Marine proposed Special Protection Areas strategic environmental assessment: post adoption statement

A strategic environmental assessment post adoption statement setting out how the assessment and consultation responses have been taken into account in the introduction of Special Protection Areas.

5 How the Opinions Expressed Have Been Taken into Account

5.1.1 Marine Scotland held a supplementary consultation on the proposals from 17 June to 29 July 2019[36]. The 2019 Updated Environmental Report was published for consultation alongside the supplementary consultation paper, a comments log presenting individual responses to comments received during the consultation on the 2018 Environmental Report, and Final Advice from NatureScot and JNCC on a network of marine pSPAs.

5.1.2 Views were invited on the following four questions in relation to the pSPAs:

1. With respect to the SEA process, do you have any comments on the updated Environmental Report?

2. Do you have any comments on the SEA Reasonable Alternatives?

3. With respect to the classification of SPAs, do you agree with the preferred policy recommendation, and if not why not?

4. Do you prefer the option to classify Orkney Inshore Waters pSPA or the alternative option to classify North Orkney pSPA and Scapa Flow pSPA? What are the reasons for your preference?

5.1.3 In total, nine respondents provided responses for the consultation. Eight of the respondents gave permission for their response to be made public[37]. The respondent categories comprised Environmental; Fishing Group or Organisation; Ports; Other Industry; and Regulator or Local Authority.

5.1.4 Two respondents considered the 2019 Updated Environmental Report to be far clearer and more comprehensive than the previous 2018 Environmental Report. Two other respondents had concerns over the robustness of the baseline description and assessment. The remaining respondents had no specific comments regarding the SEA process and 2019 Updated Environmental Report apart from those addressed by the other consultation questions.

5.1.5 Two respondents found the SEA Reasonable Alternatives to be more clearly set out and considered the updated assessment to more closely align with the requirements of the 2005 Act. Two respondents considered a number of the alternatives not to be reasonable as they reduce protection of marine birds and may not fulfil the aims of the Birds Directive. Three respondents considered some of the options to go above and beyond the statutory requirements for SPA classification under the Birds Directive. Two respondents considered that the SEA had failed to comply with the 2005 Act as not all reasonable alternatives had been considered, including the option of not designating some of the sites. One respondent was unclear on the justification for certain alternatives.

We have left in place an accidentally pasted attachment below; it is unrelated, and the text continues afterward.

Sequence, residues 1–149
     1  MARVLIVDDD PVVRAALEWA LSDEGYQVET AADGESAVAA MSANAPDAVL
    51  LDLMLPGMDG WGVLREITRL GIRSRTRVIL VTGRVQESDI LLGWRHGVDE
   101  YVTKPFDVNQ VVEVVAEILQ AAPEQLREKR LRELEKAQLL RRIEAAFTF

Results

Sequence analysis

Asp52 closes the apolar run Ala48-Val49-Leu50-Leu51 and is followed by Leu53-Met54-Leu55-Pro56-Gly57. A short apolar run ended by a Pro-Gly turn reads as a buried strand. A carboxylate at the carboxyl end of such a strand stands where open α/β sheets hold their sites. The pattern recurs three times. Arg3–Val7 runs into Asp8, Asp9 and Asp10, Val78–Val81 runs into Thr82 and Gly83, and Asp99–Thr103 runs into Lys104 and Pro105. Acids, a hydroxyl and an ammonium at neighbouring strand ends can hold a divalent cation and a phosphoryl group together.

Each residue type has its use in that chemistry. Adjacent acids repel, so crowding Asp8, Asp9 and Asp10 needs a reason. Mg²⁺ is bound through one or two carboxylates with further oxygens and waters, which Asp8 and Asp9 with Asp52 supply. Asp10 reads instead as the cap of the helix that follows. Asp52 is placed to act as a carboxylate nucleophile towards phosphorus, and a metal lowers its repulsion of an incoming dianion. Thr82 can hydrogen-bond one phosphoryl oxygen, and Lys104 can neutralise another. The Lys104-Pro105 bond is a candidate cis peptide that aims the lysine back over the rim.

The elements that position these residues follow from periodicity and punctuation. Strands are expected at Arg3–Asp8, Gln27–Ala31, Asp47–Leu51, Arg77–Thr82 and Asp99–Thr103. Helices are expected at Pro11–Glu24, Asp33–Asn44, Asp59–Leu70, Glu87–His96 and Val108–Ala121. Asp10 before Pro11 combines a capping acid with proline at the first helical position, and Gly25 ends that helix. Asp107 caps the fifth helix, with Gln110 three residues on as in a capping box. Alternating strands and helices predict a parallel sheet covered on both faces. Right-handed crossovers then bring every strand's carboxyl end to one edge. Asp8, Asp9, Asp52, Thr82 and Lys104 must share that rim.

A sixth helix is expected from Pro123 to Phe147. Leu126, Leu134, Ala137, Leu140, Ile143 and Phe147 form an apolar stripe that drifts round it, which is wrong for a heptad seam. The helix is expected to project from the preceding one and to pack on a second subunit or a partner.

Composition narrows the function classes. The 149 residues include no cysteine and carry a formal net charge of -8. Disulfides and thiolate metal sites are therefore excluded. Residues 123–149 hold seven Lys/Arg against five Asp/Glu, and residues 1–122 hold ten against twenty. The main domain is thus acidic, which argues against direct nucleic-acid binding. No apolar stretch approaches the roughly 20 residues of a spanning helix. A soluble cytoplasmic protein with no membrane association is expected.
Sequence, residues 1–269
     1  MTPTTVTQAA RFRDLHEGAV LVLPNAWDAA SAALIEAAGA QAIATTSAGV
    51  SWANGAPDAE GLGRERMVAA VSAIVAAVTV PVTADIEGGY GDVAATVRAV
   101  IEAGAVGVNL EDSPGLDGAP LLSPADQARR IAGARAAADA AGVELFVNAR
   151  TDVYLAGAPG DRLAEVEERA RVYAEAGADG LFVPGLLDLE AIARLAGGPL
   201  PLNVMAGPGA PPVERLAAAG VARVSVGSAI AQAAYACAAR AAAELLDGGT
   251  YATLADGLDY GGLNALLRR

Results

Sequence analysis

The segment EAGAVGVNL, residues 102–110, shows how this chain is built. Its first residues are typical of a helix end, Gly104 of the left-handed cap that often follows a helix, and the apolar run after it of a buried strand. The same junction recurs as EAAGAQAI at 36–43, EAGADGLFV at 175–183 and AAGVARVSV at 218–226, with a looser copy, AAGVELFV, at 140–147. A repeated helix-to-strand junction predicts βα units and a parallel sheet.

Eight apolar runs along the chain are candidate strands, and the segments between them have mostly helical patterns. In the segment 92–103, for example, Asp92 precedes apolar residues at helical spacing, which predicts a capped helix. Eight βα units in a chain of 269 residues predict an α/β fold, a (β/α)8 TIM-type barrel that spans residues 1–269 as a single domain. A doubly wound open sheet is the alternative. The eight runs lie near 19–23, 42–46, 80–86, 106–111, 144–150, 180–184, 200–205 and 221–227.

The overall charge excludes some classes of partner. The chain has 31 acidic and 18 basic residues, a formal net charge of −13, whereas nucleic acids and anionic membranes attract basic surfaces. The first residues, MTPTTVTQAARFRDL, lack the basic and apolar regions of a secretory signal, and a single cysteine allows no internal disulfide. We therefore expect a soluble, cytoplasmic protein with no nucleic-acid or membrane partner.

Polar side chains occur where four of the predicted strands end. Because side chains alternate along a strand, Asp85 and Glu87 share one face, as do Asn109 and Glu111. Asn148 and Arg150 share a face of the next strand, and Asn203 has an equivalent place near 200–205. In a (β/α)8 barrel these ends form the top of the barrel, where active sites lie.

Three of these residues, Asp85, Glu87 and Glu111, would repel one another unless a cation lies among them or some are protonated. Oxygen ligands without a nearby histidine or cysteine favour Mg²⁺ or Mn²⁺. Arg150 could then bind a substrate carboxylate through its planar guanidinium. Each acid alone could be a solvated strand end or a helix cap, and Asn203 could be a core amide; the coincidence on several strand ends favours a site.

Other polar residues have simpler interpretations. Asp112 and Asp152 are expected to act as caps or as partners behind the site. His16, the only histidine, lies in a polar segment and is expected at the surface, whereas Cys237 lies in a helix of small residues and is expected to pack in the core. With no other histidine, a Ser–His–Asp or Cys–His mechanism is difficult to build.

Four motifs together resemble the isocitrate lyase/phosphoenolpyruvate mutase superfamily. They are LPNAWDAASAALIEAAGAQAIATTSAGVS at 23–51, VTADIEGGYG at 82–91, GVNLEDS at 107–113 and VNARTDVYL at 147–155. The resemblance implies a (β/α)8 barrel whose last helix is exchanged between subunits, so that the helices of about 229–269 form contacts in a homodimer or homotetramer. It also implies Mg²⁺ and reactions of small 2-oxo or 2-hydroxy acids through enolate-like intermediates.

5.1.6 Four respondents were supportive of the preferred policy recommendation to classify pSPAs, three respondents had no strong view or comment, one respondent did not agree, and one respondent did not answer the question but had concerns with the age and validity of the bird data used to underpin the proposals.

5.1.7 Three respondents preferred the option to classify Orkney Inshore Waters pSPA as this would result in benefits in terms of management, monitoring and protection. Four respondents did not have a strong view on the fourth question. One respondent preferred the alternative option to classify North Orkney pSPA and Scapa Flow pSPA due to the heterogeneity that they show. One respondent felt strongly that a case for classifying either 2 separate or a single marine SPA had not been made by NatureScot and JNCC.

5.1.8 Following the supplementary consultation, 12 of the pSPAs were classified[38]. Marine Scotland also engaged directly with Orkney Islands Council to address a number of objections they had to the proposals. Following this engagement, the alternative option of classifying North Orkney and Scapa Flow as two separate SPAs was taken forward[39]. In addition, Marine Scotland developed a working partnership with Orkney Islands Council and NatureScot. Together they have jointly funded a series of aerial and vantage point birds surveys to ensure there is a more up to date and robust baseline dataset to allow evidence based decisions to be made on the management of these sites.



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